When specifying a UPS system, it can understandably be difficult to predict what the final load is going to be, particularly given the exponential growth of IT power and data storage needs, so installations are often oversized to provide contingency. While this may ensure sufficient UPS capacity, it means inefficient operation and poor cost control. By choosing a parallel redundant solution to increase availability, users also gain the benefit of ‘scalability’. Modularity gives users the flexibility to correctly size the system from day one and, when loads increase, additional UPS units can be inserted cost-effectively and without downtime. ‘Hot-swappable’ UPS modules can also be transferred from one floor or server suite to another or even to a different site, providing capacity and redundancy when and where it is most needed – a welcome boon for flexibility and reconfiguration.
Energy and Cost Efficiency
Specifiers have a tough task planning systems today that will cater for energy needs over the next ten to twenty years. Pressure to shrink carbon footprints, plus rising energy costs and recessionary impact, make this issue all the more pressing.
Trying to cater for future needs with traditional stand-alone UPS systems can lead to over-specification, creating a wasteful gap between installed capacity and the size of the actual critical load. Such inefficiencies mean that companies could be burning excess electricity and creating needless heat emissions, costing thousands of pounds and compromising efforts to reduce their carbon footprint.
Modern UPS technologies, such as transformerless, modular configurations, are providing new ways to save energy and costs including rightsizing the UPS over time, higher efficiency for partial loads, lower cooling requirements,improved input power factor,and improved input current total harmonic distortion.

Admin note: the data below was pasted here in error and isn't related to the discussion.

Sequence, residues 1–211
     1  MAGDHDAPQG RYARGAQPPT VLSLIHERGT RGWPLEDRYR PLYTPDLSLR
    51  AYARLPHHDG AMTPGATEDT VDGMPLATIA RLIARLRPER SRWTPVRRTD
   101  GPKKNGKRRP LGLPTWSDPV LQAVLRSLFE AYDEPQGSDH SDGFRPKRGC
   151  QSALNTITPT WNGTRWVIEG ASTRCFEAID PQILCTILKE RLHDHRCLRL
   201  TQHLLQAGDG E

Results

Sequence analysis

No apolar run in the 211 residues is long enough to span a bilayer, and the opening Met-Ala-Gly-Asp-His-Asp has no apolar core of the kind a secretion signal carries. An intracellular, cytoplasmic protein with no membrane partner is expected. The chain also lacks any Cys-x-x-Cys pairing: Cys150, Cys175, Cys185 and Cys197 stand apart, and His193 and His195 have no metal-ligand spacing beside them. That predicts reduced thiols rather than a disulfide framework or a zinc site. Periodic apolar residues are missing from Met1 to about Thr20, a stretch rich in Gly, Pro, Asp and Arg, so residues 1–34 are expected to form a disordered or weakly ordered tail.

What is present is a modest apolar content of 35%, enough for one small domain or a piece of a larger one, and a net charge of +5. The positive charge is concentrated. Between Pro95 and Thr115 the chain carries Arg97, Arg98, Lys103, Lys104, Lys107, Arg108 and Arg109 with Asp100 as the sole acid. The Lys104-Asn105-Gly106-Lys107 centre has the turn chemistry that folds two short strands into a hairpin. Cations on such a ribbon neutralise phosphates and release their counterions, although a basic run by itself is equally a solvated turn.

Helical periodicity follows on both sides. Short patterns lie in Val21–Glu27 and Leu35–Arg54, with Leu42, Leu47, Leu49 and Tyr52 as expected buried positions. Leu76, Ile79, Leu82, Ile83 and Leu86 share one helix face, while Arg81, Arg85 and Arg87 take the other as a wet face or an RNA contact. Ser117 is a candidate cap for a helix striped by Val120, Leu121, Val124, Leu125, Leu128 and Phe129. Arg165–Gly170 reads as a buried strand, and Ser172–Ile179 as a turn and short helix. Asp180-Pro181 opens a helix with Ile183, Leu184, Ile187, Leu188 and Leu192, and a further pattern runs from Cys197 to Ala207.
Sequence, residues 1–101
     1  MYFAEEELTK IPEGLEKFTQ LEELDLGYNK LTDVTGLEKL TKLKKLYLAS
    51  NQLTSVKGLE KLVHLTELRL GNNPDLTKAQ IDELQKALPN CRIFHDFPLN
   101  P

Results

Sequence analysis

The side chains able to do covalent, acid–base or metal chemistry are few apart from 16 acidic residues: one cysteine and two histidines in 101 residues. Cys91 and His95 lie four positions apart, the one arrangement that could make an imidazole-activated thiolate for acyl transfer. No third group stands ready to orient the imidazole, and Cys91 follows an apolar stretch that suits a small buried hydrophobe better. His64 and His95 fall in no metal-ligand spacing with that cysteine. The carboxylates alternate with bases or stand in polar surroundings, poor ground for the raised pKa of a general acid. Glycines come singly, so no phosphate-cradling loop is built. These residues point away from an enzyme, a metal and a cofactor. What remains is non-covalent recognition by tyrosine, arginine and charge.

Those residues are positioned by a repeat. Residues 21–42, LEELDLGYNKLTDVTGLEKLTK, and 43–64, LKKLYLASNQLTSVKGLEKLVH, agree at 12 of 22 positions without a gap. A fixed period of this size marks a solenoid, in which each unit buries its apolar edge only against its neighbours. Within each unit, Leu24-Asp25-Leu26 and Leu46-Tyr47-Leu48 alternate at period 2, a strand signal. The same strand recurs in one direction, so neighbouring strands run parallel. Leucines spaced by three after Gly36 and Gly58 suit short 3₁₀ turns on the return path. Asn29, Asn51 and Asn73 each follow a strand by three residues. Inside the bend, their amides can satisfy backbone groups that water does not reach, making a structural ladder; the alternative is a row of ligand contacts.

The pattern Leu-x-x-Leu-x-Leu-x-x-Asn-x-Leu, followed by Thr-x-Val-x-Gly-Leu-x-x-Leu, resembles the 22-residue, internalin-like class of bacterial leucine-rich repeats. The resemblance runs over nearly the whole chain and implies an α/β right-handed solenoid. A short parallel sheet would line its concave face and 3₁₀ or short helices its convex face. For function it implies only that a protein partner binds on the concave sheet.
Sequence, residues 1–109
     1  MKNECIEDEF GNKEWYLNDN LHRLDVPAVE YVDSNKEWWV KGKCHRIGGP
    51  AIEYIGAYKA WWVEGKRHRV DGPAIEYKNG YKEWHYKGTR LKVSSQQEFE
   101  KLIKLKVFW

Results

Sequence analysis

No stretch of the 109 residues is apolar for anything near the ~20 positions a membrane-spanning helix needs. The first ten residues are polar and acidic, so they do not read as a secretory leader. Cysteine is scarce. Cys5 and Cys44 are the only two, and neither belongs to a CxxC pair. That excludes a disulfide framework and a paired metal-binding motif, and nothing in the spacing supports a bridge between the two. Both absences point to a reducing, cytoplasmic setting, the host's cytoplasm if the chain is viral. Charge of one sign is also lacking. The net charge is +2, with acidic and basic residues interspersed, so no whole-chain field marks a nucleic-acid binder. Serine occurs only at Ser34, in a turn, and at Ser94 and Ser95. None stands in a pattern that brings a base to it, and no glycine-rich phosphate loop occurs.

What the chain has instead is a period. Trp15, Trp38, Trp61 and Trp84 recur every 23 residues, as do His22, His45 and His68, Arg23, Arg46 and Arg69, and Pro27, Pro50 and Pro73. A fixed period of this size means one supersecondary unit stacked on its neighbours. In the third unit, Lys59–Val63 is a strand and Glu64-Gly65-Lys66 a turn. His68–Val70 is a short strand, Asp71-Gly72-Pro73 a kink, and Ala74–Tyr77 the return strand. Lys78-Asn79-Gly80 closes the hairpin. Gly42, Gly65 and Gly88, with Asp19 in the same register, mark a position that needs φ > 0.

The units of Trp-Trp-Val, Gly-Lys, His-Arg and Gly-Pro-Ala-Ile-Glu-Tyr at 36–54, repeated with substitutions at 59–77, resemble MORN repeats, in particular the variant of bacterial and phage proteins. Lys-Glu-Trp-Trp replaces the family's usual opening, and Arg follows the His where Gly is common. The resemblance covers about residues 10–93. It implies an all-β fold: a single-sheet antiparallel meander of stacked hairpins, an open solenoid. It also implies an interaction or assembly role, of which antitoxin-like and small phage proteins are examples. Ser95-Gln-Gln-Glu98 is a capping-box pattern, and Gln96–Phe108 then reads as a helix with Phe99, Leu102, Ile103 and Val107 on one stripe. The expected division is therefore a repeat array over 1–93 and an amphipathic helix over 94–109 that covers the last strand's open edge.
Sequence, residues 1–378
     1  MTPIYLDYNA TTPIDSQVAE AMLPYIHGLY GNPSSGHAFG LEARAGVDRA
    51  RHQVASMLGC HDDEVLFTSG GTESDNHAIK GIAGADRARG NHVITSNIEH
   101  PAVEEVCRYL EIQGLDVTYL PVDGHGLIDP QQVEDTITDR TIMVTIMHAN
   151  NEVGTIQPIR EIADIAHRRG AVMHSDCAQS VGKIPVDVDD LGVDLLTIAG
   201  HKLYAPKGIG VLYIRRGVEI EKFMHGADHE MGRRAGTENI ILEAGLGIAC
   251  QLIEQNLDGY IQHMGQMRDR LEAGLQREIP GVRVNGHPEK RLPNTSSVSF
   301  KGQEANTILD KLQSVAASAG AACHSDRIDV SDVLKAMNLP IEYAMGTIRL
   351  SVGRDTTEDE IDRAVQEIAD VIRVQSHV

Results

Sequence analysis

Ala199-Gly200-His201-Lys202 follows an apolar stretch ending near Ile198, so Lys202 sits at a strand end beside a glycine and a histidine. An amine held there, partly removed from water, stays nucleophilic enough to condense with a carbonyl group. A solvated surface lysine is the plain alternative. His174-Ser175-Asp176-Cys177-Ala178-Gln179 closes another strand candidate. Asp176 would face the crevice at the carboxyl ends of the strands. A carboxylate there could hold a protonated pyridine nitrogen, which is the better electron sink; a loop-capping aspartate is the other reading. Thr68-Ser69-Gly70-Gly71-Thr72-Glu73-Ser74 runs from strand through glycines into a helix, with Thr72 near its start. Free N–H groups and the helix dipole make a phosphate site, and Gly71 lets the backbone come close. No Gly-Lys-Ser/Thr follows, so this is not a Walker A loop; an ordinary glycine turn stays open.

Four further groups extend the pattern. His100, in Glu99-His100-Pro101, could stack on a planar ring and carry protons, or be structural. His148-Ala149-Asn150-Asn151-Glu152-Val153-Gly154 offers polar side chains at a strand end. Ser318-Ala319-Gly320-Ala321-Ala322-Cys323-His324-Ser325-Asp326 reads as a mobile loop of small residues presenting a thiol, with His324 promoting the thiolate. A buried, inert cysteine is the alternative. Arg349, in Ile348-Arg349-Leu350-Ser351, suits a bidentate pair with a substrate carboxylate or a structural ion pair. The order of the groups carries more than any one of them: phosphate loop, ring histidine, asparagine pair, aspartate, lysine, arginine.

We can compare a single stand-alone non-redundant 100kVA UPS solution with a parallel redundant 3 x 50kVA UPS rack-mounted solution. While the latter may carry a price premium, the cost-benefit is quickly apparent. The modular configuration provides redundancy if one of the units fails, and spare ways can accommodate an increase in capacity in affordable, incremental steps without interruption to the critical load. The stand-alone system provides no redundancy, and the addition of a second parallel 100kVA unit to increase capacity would be more costly, take up twice the space, and would also incur downtime during installation.
UPS with higher power density and ‘hot swappable’ rack-mount configurations mean that modules can be inserted or removed to continually match the capacity of UPS systems to their respective critical loads.
Figure x illustrates how the ability to right-size modular UPS systems promotes efficiency. The limited flexibility of a stand-alone UPS would require the initial installed power to exceed anticipated capacity requirements, resulting in an inefficient, over-sized system. However, the flexibility and scalability of modular rack-mounted systems means they can now be ‘right-sized’ from the outset by inserting or removing ‘hot-swappable’ modules, enabling power to be cost-effectively added as requirements grow and without any footprint penalty.
When compared with conventional parallel protection systems, modular redundant UPS solutions not only maximise system flexibility and availability, but meet wider strategic aims on energy efficiency and environmental compliance, reducing electricity costs, heat loss and CO2 emissions, while delivering the industry’s smallest footprint and N+1 parallel redundancy.